Top management support and sponsorship

Performance measurements

Management and Control Enablers:

  • Continuous improvement philosophy - Never be satisfied with the current state of cost management. Completion of one set of cost management improvements must be viewed as setting the stage for the next improvements. Search for breakthroughs, new paradigms, and wall-leaping ideas as well as incremental and generational improvements.
  • Top management support and sponsorship
  • Effective cross-functional teams
  • Information systems
  • Performance measurements
  • Sharing of Risks and Rewards

How to Identify and Apply Key Enablers. Following is one approach:

  1. In any particular supply chain situation identify the chain participants and the boundaries of the situation to be studied.

  2. Within the study boundaries identify all supply chain participants, and groups that are affected by the material or service provided by the supply chain, both internal and external to the buying company.

  3. Create a cross-functional team from the affected groups.

  4. As a team, map the chain, identifying all flows of materials or services, flow volumes, dollar values of flows and of services, and other activities (e.g. transportation, handling, storage, inspection) or materials (e.g. packaging) that are part of or necessary to the operation of the supply chain. Also identify the time dimension of all activities and movements and the organizational identity of all direct and indirect participants in all activities in the supply chain.

  5. Having thus documented the chain, the team should use the list of key enablers provided in this article as a checklist to determine which enablers apply to the supply chain in question.

  6. For those key enablers that apply, determine to what extent they have already been applied to improve operation of the chain and to what extent they have not been applied.

  7. Develop an action plan to put in place or revise the use of those key enablers which are not in place or which need modification.

  8. Implement the action plan.

  9. Monitor results and adjust implementation as needed.

  10. Use performance indicators to monitor operation on a continuing basis.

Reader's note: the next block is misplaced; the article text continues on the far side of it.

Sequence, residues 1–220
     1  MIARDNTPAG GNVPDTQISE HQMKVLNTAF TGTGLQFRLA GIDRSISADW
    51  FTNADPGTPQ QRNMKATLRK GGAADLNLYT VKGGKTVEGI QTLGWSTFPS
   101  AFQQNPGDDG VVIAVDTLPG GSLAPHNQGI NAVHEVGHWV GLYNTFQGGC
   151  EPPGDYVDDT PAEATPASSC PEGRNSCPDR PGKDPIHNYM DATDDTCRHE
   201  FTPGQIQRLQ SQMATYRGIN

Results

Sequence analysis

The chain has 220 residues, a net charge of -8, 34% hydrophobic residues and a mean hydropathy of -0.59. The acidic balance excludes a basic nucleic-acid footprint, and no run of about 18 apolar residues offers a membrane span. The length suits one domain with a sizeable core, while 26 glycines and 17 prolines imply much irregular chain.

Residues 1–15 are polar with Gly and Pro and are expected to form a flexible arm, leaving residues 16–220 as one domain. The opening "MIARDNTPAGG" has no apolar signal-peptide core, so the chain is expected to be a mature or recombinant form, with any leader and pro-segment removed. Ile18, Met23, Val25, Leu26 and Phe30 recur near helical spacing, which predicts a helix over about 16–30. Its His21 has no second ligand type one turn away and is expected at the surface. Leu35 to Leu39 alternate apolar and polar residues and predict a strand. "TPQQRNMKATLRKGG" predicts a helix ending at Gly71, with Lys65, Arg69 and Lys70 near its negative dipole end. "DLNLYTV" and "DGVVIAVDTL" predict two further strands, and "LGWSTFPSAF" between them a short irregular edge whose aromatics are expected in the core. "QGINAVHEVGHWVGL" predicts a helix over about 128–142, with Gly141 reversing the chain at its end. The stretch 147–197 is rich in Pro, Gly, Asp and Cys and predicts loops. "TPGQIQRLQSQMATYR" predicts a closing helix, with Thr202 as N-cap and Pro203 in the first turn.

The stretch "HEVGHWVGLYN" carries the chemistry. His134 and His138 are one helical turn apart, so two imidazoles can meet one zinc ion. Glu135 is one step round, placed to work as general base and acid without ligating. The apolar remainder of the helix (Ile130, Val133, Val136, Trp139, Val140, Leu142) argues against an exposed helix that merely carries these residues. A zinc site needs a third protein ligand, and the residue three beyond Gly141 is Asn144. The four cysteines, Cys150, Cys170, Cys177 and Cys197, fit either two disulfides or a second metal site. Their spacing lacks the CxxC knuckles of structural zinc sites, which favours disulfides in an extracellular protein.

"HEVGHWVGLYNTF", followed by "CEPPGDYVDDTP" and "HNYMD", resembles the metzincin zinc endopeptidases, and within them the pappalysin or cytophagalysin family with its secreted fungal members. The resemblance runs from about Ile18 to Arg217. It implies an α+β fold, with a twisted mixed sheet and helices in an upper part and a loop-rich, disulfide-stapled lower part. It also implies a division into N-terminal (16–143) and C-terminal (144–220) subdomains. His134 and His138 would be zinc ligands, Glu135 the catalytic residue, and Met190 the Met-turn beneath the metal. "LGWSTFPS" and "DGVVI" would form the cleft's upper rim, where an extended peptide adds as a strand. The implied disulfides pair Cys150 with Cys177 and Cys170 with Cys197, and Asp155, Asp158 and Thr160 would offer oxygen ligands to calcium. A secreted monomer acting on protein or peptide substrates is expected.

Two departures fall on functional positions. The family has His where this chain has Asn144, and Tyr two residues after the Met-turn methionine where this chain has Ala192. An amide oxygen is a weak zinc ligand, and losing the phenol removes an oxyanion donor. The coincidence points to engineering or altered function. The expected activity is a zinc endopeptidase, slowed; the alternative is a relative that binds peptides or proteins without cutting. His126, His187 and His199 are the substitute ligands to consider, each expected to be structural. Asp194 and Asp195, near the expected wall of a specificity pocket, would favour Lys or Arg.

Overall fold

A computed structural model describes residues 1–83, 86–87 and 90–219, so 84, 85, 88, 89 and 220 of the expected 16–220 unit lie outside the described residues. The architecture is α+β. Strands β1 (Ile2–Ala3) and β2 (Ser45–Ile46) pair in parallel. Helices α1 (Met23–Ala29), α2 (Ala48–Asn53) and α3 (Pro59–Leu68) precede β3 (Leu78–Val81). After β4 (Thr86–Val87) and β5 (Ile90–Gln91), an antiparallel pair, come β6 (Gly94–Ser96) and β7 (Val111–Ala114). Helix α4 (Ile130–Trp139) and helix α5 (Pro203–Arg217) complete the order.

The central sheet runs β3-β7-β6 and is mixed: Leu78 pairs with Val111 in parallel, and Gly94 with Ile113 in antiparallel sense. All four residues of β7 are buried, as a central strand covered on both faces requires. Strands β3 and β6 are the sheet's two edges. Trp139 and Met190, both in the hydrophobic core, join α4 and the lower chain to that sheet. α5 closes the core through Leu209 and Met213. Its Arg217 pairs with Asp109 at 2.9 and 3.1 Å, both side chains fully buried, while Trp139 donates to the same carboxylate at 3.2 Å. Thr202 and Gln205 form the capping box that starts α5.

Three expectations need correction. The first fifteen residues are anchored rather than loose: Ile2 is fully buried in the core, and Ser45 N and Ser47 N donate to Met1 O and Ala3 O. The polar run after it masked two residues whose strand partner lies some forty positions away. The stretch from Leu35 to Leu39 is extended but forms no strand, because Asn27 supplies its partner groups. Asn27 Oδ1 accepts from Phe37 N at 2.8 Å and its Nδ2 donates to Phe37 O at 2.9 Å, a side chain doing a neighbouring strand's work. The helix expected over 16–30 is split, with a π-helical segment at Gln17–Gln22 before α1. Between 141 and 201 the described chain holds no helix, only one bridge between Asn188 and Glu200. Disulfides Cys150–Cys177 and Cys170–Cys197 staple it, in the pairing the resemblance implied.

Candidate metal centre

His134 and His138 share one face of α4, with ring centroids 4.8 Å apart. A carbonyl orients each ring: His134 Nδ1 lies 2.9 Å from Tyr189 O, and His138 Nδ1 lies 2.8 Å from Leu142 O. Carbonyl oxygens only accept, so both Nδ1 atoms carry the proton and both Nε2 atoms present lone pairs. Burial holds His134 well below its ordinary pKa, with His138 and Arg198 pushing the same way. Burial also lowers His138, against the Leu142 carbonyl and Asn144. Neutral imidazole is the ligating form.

11. Practice continuous process improvement to maintain cutting edge supply chain operation.

Environmental Considerations that Affect Key Enablers. The principal environmental elements that will affect the relative importance of the strategic cost enablers in particular supply chains include the following. Some considerations relative to these are:

  • Market conditions - Relative supply and demand in buying and selling markets and up and down multi-tier supply chains. Who in the chain has the market power? Do not forget third-party chain members such as transportation providers

  • Cost structures across the supply chain - How are costs structured across a given supply chain? Are most costs incurred upstream in the chain, are they concentrated downstream, or are they relatively evenly distributed? The location(s) of the greatest costs must be the prime targets of cost management efforts

  • Cost impact across the supply chain - Where do costs most significantly impact the flow of materials and services through a supply chain? Which costs are least competitive with competing chains?

  • Cost modeling feasibility - Do good cost models exist? Can they be easily developed?

  • Dominant chain members - Presence of dominant members in the supply chain who have relative strong influence over the chain and its activities. Dominance may appear in a variety of forms including product or supply volume, possession of technology, or control of costs or markets.


Copacino, William C., Supply Chain Management, St. Lucie Press, 1999

Carter, Philip L., Joseph R. Carter, Robert M. Monczka, Thomas, H. Slaight, and Andrew J. Swan, The Future of Purchasing and Supply: A Five- and Ten-Year Forecast, A joint research initiative of Center for Advanced Purchasing Studies, National Association of Purchasing Management, and A. T. Kearney, Inc., Tempe, AZ, Center for Advanced Purchasing Studies, 1998

Ellram, Lisa M., "A Structured Method for Applying Purchasing Cost Management Tools." International Journal of Purchasing and Materials Management, Winter, 1996, 11-19.

Kauffman, Ralph G., "The Future of Purchasing and Supply: Strategic Cost Management." Purchasing Today, September, 1999, 33-35.

Nothaft, Mark, "Orchestrating a Successful Cost Management Program." Purchasing Today, October, 1999, 33-40.

The Purchasing Handbook - A Guide for the Purchasing and Supply Professional, 6th ed., Joseph L. Cavinato and Ralph G. Kauffman, editors, New York, McGraw-Hill, 2000